time crunch

Actually off late I’ve been pretty much stuck with being in a perpetually “no time for anything” situation. Moving to a new project next week (1st of August) so must wrap up my current one before that – but its turning out to be pretty hard. I have a rough theorotical idea from what I’d read about time management but having had the same habit pattern all my life* – though I’ve managed to change various other habits, this is one particular habit thats turned out to be pretty hard to change. Its also not very easy to live live with too, since it not only makes me miss a lot of good opportunities, it also affects other people associated with me/depending directly or indirectly on me as well – colleagues/family!

[* Even in school days, I used to cram up for exams in the last minute and be late to class and so on… very long list here which my mom would be glad to lucidly enumerate to anyone who cares 😉 ]

Those who face this problem, where time seems to be a perpetual hassle, generally take to becoming self-employed which affords them a lot more freedom. In my case, my own employer is kind enough to gives me plenty of flexibility, as long as work gets done, which I feel I’ve unfortunately more misused than used 🙁 …and I end up staying much longer in office than I’d really care to. But I believe its indeed possible to live a normal corporate life and still have plenty of time, so its a possibility I’m currently trying to experiment with.

Of course a comprehensive solution to this is awareness, but until that gets established strongly enough, here are some things I’ve observed so far:

  • at times when I’m really being highly focussed, consequently very efficient & effective, time seems to slow down. If I expect one hour must have gone, I look at my watch and see only one half an hour has passed 🙂 But then there’s the grave risk of celebrating this temporary success too much! 😉
  • in the times when my mind is floating around here and there, a lot of time just flies by. I look at my watch and think “I can’t believe its 3 PM already!!” One of the marks of highly skilled procrastinator is that he’s always [inadvertently] looking for distractions!
  • one thing leads to another – often a distraction can be highly self-deceptive! Somethings look like it will take only 2 minutes to handle it, but it leads one into a train of events that can take a lot longer than anticipated.
  • I’ve also found the 4-quadrant categorisation given in “Seven Habits of Effective People” helpful, where we categorize things into one of the four possible combinations of “Urgent” and “Important”.

Hmm… now I recall some more ideas about time long ago…

So anyway there probably won’t be too many blog updates till next month!

4 Responses to “time crunch”

  1. Leonid Mamchenkov Says:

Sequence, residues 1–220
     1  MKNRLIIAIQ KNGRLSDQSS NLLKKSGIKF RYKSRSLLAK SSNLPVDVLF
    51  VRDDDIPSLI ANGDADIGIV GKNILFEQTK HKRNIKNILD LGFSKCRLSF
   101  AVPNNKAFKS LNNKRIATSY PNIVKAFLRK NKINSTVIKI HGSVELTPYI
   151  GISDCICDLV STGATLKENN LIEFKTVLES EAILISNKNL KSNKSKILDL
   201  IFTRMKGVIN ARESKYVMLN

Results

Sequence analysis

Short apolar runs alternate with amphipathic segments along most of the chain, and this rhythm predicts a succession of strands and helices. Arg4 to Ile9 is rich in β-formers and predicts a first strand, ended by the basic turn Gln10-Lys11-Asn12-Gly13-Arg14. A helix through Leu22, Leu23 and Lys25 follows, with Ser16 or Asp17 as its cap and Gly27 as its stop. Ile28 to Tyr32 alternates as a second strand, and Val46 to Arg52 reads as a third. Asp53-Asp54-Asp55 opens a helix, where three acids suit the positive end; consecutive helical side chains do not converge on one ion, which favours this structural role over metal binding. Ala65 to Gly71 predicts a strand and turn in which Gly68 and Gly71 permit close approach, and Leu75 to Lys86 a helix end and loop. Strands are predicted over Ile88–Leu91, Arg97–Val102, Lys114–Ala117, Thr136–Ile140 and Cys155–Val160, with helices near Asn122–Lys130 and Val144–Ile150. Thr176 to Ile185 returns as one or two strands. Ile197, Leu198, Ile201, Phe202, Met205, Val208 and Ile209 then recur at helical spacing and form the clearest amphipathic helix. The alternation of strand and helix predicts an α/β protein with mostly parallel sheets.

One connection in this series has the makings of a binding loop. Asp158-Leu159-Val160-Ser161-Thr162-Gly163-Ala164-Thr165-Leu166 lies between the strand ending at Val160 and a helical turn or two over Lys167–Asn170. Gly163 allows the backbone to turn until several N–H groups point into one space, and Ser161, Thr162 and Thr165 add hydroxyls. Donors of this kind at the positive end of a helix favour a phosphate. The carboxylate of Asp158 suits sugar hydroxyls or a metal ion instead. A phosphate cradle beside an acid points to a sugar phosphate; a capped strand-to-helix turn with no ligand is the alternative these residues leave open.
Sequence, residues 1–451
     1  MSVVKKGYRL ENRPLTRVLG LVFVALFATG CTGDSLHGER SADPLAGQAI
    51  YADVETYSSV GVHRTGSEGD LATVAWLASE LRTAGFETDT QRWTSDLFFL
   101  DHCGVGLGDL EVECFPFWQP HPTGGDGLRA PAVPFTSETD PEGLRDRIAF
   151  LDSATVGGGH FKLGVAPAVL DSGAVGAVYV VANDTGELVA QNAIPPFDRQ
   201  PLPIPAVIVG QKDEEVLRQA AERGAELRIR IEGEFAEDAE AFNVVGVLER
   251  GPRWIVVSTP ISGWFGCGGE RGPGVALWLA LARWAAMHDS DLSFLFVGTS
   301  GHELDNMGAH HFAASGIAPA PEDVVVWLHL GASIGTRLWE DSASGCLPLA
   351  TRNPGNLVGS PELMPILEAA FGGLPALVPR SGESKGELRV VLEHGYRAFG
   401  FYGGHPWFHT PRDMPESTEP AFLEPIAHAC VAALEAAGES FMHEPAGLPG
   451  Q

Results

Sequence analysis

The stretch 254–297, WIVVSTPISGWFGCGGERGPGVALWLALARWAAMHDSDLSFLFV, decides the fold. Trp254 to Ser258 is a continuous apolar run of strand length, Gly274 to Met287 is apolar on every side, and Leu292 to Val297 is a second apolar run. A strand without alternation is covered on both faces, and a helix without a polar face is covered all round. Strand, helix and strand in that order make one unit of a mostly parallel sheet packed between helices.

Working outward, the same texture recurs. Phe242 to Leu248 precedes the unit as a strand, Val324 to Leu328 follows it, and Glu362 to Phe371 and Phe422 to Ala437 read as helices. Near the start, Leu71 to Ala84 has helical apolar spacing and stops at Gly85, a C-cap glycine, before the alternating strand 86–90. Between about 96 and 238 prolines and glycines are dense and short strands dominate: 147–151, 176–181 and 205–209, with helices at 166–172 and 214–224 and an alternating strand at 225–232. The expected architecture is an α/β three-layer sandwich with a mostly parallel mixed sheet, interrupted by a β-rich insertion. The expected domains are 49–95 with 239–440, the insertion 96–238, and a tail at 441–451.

“at times when I’m really being highly focussed, consequently very efficient & effective, time seems to slow down. If I expect one hour must have gone, I look at my watch and see only one half an hour has passed 🙂 But then there’s the grave risk of celebrating this temporary success too much! ;-)”

    Interesting. Most people, I hear, feel the opposite. When they are concentrated on something, time flies. I myself am one of those people. 😉

  2. msanjay Says:

    Leonid, this sounds familiar to me too… maybe the context is different, hmm… I’m not sure exactly how. Maybe time slows down when a person is entirely living in the current moment.

    I think one who plays table tennis regularly, starts to get better and better, sees that the ball appears to become slower and slower though he’s playing at a much higher speed than he used to at the beginning. Same way, a black belt martial artist told me that as he improved, he was able to “see” an opponent’s attacks and avoid them effortlessly .

    Some examples of the demonstration of this [apparent] slowing down of time in a couple of movies:

    In Spiderman (first one) when in the school cafeteria scene, he can actually see the bully’s fist striking him in kind of slow motion. So this guy is able to actually (to his surprise) see it and avoid it effortlessly. Though to everyone else, its happening at a high speed. At a later time towards the end of the movie, he does all those fantastic acrobatics escaping the spinning wheels the Joker throws at him.

    Another one is in the Matrix, when Neo is actually able to see the bullets whizzing past him. I came across a close narration of this in real life (ok a reader may wish to give some scope for exaggeration 😉 ) in the autobiography of the founder of Aikido Morehei Ueshibha (the book name is the Art of Peace by Shambala publications).

    In the book HHGTTG (Douglas Adams), there’s a quote – “time is an illusion, lunchtime doubly so” 😉

  3. msanjay Says:

    After seeing Narasimha’s post on Seinfield I ended up googling for more quotes… and just when I was about to close the browser, I saw this one from here

    You can measure distance by time. “How far away is it?” “Oh about 20 minutes.” But it doesn’t work the other way. “When do you get off work?” “Around 3 miles.”

  4. msanjay Says:

    This is what J. Krishnamurthy says about time:

    Thought is time.

    Conversely, imo and as described above, when thoughts reduce, so does time slow down. And hypothetically, maybe when thought stops, time stops. more time slows down. JK seems to have said something similar…

    28th Nov 1981: Only when thought naturally, without conflict, without struggle comes to an end, which is time, then there is a possibility of that which is eternal.

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